Background Switcher (Hidden)

Remember Flag?

Sunday, November 5, 2017

I spend a lot of time looking for and at deer. I am actually happy that Daylight Savings Time has started, because I love raising the blind on something more like this, instead of total darkness. 
It's depressing to wake up at 5:30 and have to wait until 7:30 for the first light to creep under the blinds. 

So I get up and get busy. People who ask me how I do so much each day probably don't take into account that I get up well before the birds do. Today, I'm finishing up the last of a million yard chores involved in buttoning the place up for winter. I cleaned the pond last evening, racing the fading light. I've given up on using the siphon, which, thanks to endless amounts of decaying plant material, clogs every ten seconds, and wound up just scooping up muck and detritus on the bottom with a net. Faster. Easier. Same net effect. 

This morning, having climbed to the tower to watch the sun evidently rise behind a thick blanket of clouds, I burned a year-old Christmas tree. It went with surprising difficulty, me thinking back wistfully to our tradition of burning it on May Day night. It would go up like a torch while we howled like wolves. The old, forgotten tree being soggy and mostly without needles, took every bit of spare cardboard I had to even get it going. It's still smoldering out there. The point was to get it and an enormous wad of morning glory vine, laden with evil seed, burned. I'm done with the Japanese hybrid Flying Saucers. They were early and floriferous, but the overall effect of this variegated flower was a dull bluish white. Nope to the nope. And they set viable seed like they intended to take over the earth. I've had to make two bonfires just to burn the vines. It's back to Clark's Heavenly Blue, for good, even if I have to wait until October for flowers.  

September 2016. Flying Saucers, ehhh, zzzzz.

November 4, 2016. Clark's Heavenly Blue. Now there's an apt name.

I probably can't mention Ellen without giving many of my gentle readers a pang. I get them too. But in the Circle of Life Department, all is well. Pangs just go with the territory.

Remember Flag, Ellen's little daughter? Flag is one of her last set of twins, born spring 2016, that also included a buck named Pinky.

Here she is on December 14, 2016, a little over a year ago. Her baby picture. 

October 17, 2017

And here's the lovely young lady now. This October, she began coming into the yard every day, looking for the corn and sunflower seed her crooked little mama used to love.

And in coming to my yard, she brings me joy. Great joy.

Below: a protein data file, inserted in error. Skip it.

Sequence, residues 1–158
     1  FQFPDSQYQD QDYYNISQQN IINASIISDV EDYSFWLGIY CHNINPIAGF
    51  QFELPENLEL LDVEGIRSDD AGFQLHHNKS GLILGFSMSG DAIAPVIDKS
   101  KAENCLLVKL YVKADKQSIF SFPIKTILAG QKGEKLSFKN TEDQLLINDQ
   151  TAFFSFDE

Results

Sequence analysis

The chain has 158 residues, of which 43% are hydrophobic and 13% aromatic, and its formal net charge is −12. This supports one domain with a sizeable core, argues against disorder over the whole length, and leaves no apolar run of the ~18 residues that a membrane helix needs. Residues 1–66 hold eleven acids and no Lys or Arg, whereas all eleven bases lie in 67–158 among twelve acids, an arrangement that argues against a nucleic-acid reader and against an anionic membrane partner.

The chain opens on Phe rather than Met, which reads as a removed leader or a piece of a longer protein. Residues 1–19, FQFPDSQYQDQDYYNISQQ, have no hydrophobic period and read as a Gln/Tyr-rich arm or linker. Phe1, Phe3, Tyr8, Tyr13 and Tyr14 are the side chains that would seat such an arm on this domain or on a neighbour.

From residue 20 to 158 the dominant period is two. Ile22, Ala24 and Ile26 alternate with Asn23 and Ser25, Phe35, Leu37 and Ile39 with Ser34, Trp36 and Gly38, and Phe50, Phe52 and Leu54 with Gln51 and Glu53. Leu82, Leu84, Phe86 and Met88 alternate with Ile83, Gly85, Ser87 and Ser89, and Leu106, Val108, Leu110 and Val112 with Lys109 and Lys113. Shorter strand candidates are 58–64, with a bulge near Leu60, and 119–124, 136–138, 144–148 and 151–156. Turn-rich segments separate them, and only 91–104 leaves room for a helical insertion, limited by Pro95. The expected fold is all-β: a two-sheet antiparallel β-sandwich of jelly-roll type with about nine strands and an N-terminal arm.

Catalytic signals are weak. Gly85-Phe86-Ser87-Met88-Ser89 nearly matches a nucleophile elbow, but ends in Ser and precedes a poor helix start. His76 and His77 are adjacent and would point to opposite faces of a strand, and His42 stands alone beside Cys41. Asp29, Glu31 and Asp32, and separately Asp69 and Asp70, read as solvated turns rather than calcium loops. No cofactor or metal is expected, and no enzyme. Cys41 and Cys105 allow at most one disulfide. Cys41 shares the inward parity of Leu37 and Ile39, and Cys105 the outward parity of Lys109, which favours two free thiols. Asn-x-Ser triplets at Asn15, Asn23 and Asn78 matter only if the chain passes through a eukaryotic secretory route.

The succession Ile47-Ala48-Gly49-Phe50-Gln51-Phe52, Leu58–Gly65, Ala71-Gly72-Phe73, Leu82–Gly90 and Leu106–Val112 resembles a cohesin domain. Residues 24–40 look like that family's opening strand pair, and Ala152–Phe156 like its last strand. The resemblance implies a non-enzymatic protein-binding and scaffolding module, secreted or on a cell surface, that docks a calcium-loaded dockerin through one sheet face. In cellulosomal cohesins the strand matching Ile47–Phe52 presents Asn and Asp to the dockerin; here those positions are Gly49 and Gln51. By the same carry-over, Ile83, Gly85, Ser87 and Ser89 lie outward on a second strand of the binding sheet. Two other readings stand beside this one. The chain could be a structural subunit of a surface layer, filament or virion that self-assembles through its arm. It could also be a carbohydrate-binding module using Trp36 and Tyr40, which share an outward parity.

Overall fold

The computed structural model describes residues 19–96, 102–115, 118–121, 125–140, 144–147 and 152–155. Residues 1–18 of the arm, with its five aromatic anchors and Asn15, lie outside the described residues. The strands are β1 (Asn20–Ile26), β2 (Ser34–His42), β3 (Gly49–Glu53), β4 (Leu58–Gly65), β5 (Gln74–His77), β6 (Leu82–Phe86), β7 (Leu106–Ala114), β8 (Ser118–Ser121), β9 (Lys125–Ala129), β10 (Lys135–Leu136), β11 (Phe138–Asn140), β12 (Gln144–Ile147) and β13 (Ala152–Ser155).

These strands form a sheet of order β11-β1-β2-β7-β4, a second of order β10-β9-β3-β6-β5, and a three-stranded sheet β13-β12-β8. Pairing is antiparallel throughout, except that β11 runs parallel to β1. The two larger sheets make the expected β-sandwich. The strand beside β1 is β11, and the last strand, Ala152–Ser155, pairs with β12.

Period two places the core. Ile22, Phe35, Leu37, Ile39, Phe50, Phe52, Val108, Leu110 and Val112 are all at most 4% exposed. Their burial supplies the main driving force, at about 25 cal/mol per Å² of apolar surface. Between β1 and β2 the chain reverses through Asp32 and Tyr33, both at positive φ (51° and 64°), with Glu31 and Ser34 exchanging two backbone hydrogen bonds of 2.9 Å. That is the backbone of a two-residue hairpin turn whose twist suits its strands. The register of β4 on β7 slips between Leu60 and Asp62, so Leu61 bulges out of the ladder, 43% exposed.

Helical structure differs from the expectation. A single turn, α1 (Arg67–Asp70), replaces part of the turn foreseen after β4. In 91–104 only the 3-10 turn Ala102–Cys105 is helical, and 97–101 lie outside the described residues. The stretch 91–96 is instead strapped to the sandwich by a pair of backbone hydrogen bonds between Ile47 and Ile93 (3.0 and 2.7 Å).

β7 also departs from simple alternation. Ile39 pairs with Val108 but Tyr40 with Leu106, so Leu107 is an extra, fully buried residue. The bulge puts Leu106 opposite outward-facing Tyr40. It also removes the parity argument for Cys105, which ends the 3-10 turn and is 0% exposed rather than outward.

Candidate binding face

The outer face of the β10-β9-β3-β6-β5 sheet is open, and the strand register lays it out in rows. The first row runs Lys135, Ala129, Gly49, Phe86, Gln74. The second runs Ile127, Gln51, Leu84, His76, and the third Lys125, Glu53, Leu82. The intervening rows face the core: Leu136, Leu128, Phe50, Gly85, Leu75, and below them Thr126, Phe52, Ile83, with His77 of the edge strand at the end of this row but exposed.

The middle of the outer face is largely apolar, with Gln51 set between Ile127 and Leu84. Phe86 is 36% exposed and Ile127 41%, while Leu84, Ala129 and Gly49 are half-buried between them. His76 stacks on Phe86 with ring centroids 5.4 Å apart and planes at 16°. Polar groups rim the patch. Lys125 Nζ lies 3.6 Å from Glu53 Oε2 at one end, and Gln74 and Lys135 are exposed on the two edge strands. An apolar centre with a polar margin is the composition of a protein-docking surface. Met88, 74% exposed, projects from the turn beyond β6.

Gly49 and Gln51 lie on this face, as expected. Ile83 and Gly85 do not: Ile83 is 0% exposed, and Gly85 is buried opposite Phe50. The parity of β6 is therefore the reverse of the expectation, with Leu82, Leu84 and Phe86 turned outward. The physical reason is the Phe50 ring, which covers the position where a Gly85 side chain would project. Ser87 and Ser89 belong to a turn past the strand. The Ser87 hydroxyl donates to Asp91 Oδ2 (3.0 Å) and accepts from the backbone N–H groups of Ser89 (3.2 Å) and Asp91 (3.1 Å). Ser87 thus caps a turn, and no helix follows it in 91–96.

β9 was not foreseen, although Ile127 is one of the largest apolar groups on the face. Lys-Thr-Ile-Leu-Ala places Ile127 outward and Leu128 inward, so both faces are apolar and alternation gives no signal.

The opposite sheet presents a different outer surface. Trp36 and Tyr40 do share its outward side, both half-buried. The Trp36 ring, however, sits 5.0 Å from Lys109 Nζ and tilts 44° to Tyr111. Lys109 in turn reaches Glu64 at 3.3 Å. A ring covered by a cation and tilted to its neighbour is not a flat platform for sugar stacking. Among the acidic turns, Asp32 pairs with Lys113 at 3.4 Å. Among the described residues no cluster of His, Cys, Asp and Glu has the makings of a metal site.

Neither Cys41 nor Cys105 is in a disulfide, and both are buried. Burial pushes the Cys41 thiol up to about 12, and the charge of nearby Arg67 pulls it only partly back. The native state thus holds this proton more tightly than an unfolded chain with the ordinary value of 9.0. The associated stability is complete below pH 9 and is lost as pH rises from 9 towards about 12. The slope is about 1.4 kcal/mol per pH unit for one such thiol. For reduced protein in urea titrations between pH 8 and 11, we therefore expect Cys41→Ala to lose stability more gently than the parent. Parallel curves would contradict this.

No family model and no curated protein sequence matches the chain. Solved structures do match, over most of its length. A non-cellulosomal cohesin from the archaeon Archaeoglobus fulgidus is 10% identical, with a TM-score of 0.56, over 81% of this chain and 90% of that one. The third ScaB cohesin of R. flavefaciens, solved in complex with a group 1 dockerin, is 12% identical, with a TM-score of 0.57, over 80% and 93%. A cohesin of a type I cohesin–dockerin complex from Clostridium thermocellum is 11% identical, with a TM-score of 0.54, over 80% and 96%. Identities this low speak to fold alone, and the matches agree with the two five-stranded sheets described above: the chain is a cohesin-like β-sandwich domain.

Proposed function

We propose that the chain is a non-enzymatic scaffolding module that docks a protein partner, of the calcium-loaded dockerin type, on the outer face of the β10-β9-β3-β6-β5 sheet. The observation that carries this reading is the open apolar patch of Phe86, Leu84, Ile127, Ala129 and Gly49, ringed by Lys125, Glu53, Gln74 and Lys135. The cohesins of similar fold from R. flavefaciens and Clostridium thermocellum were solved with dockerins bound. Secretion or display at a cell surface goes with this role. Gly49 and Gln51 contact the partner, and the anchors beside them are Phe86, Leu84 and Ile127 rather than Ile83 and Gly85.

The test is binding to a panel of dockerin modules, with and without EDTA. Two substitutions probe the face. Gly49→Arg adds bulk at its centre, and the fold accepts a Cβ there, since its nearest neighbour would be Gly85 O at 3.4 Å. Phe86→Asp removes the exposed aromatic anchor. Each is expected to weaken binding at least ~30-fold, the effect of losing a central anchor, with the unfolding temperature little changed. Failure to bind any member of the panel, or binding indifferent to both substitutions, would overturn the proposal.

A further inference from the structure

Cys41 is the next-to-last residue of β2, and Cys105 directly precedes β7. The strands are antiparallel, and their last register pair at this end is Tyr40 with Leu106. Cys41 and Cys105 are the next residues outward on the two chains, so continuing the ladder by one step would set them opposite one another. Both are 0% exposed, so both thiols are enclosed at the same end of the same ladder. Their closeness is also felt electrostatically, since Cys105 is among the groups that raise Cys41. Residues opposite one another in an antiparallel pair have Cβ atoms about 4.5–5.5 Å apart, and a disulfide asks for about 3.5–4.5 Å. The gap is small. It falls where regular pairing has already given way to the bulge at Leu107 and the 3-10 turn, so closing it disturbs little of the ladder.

No asymmetry here. Flag is classically beautiful, untouched by whatever left Ellen crooked and bent. She has kept her big square throat patch and her enormous white eye rings. Yes, it's Flag, looking back at me with swiveling ears. What a difference a year makes!

December 14, 2016. She was such a baby! and orphaned since the first week of November. 

But she's come through fine, with a little help from Ellen's friend.

I know it's just habit and corn that brings Flag to my yard, but the halting trust in her soft eyes is real. It is something I have earned, and I'm keenly aware that it's a privilege to see her, each time. It's a privilege to be able to watch her drop her head, knowing I'm watching her, to eat. That takes a lot of trust.

She still wears her little white toe shoes, the mark that Ellen left on all her babies. I am looking forward to seeing Flag in full winter coat. It's just coming in now, and she's still patchy and a bit red. She's going to be so beautiful when her thick dusky blue winter hair is all in. 

I thank whoever sends Flag here to visit. These wild friends of mine have taken on new importance to me, bereft as I am of the animal companionship I'd grown accustomed to.  I hope to stay worthy of her trust, and I hope too that she will use her sharp young eyes and ears to stay away from people who don't know or care what she means to me. I fall in love with every deer I come to know. I can't help it. 

I've learned that it's easier on the heart to love the small does and the spindly bucks. They stay around longer. Be safe, dear Flag. I'm counting on you.


What a beauty she is! And while my deer ID skills are...uh...not necessarily to be trusted, I swear I see Ellen in her eyes!

Hello to beautiful Flag. And yes she is a quite a beauty like her much-loved mother. Wave hello to her from her fans on the far north coast of California. Be safe, Flag.

Dear sweet Ellen. So glad her daughter is still around. I'm not sure I can take another loss. And yes, I'm glad of the time change so I can get up with the birds, not long before them. Yeesh...

Oh GOD. How do you even deal with hunting season? Sweet little Flag.

Thanks for the heads up on Ellen. Sitting in the Chicago airport snuffling in my coat at the thought of her. No tissues. Glad the Circle has been kind so far. Beautiful photos.

[Back to Top]